Continuity of ectomycorrhizal fungi in self‐regenerating boreal Pinus sylvestris forests studied by comparing mycobiont diversity on seedlings and mature trees

Swedish University of Agricultural Sciences, Uppsala, Uppsala, Sweden
New Phytologist (Impact Factor: 6.55). 03/1999; 142(1):151 - 162. DOI: 10.1046/j.1469-8137.1999.00383.x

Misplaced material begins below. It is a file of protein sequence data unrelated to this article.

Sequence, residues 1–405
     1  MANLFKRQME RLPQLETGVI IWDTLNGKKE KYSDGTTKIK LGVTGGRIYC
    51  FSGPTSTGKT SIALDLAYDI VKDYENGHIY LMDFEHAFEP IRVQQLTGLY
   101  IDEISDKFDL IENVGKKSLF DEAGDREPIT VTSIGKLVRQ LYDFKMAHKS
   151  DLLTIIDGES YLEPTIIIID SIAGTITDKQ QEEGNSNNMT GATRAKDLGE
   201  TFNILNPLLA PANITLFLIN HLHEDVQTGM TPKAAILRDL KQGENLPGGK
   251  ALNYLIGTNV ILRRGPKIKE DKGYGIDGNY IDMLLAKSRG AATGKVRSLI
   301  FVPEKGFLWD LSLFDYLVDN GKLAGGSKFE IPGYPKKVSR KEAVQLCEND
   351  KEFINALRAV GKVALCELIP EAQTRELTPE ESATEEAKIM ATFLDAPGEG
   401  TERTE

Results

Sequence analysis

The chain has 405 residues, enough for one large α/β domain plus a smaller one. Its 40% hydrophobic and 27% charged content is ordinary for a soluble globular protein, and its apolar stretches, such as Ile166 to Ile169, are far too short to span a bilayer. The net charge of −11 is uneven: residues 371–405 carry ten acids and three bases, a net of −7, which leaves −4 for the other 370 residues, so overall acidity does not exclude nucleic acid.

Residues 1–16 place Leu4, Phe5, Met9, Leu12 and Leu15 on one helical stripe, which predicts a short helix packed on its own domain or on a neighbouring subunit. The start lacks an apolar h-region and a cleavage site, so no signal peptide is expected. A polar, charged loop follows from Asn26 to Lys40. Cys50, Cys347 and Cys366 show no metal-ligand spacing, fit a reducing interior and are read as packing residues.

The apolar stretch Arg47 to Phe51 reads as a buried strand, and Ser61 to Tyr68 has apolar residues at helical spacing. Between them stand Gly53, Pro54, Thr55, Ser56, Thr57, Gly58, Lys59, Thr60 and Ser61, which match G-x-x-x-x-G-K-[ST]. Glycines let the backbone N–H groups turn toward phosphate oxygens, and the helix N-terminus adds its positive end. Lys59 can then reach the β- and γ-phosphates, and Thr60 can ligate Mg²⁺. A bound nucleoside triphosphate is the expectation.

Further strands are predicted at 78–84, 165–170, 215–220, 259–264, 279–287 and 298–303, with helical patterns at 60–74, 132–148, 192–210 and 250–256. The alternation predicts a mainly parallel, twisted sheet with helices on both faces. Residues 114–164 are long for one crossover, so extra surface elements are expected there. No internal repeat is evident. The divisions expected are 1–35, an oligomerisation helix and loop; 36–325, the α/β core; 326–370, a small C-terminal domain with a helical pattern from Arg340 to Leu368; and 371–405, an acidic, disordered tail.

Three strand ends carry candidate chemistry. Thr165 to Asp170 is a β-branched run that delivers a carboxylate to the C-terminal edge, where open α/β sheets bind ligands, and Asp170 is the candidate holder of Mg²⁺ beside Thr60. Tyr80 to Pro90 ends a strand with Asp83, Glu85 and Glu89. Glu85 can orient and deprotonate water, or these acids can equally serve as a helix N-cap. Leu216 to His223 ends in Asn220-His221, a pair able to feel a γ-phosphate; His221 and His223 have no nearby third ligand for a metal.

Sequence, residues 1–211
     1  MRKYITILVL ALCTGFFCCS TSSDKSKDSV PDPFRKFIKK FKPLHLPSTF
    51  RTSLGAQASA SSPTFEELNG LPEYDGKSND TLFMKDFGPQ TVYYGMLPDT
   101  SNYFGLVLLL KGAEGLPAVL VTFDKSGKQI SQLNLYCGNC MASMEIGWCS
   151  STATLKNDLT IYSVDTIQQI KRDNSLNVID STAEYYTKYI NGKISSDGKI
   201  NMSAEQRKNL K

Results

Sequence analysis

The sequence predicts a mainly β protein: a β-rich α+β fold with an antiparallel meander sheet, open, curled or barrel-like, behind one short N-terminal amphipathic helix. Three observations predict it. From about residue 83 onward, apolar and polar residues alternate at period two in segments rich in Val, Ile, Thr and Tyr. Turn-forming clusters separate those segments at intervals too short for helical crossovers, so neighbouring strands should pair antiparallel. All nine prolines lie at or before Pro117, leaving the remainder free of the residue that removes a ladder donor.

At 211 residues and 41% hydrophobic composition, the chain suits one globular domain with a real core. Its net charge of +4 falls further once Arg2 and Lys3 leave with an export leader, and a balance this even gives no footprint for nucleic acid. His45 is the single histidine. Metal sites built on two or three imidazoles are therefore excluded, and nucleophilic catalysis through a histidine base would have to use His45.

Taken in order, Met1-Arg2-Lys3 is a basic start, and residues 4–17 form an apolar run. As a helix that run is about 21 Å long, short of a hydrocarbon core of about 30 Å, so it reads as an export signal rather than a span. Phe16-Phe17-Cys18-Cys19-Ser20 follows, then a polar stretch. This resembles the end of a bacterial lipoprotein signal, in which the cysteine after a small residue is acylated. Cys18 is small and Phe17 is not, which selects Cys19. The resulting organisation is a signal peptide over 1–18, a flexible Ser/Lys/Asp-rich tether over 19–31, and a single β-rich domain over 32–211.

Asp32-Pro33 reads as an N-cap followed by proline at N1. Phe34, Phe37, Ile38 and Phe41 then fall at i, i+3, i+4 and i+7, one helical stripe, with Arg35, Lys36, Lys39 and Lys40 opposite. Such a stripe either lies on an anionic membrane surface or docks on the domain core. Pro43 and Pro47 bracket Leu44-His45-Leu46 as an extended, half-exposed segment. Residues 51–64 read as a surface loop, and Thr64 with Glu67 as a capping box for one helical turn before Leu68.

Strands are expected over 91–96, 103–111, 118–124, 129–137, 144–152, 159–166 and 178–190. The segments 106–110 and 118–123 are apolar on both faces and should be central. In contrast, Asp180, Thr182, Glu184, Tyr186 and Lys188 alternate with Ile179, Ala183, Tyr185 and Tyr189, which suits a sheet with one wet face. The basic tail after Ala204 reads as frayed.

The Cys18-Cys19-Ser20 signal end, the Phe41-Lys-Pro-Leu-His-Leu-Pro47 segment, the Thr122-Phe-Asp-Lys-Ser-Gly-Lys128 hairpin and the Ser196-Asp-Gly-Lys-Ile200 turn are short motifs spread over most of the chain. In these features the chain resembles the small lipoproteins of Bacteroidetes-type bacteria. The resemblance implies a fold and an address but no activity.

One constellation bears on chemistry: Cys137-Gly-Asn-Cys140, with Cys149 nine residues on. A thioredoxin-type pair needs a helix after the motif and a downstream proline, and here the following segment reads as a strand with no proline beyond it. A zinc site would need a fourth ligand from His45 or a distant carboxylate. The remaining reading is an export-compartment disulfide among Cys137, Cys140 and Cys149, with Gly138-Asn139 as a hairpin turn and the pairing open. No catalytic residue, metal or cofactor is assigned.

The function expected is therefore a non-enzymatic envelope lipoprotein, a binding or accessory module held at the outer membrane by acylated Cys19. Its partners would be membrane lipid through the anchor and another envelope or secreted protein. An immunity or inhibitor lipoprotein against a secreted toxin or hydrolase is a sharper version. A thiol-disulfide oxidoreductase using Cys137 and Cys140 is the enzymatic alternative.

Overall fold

ABSTRACT Seedlings and old trees of Scots pine in self-regenerating, old, virgin boreal forest in northern Sweden were compared in terms of the species composition of their associated ectomycorrhizal (EM) fungi. The natural regeneration of seedlings was mimicked by annual seeding for 10 yr (1986–1995) in intact field vegetation at three sites. In 1995, all seedlings were harvested, and 171 were examined for mycorrhizas. Twenty-five soil cores were taken in order to study the mycorrhizas on the established trees. Most short roots were mycorrhizal. Using mycorrhizal morphology and restriction fragment length polymorphisms (RFLP) analysis, we were able to distinguish 43 ectomycorrhizal taxa. Fourteen of these taxa were identified using a sporocarp and mycelial culture based internal transcribed spacer (ITS)-RFLP reference database, and another three were identified by mycorrhizal morphology. Cenococcum geophilum, Piloderma croceum and Suillus variegatus were present on the seedlings, irrespective of age, as well as on the old trees. At one forest, 23 ectomycorrhizal taxa were found as mycorrhizas, of which 10 occurred on both seedlings and old trees. These 10 species accounted for 92 and 73% of the mycorrhizas on the seedlings and old trees, respectively. A 3-yr survey of ectomycorrhizal sporocarps at the same site revealed 62 EM taxa. The degree of similarity between the composition of EM species reflected by sporocarps and by mycorrhizas, was low. Ectomycorrhizal species present in our ITS-RFLP database constituted 7.5–19% of the mycorrhizas on seedlings and old trees, whereas they constituted 80–95% of the total production of epigeous sporocarps. The unidentified taxa comprised 70–87% of the mycorrhizas. Our findings support the view that the species composition of mycorrhizas colonizing naturally regenerated seedlings in forests is similar to that of mycorrhizas colonizing surrounding trees. We suggest that the concept of the mycelial network be expanded in order to embrace both the significance of interconnections between different trees as well as the continuity or perpetuation of EM fungal communities.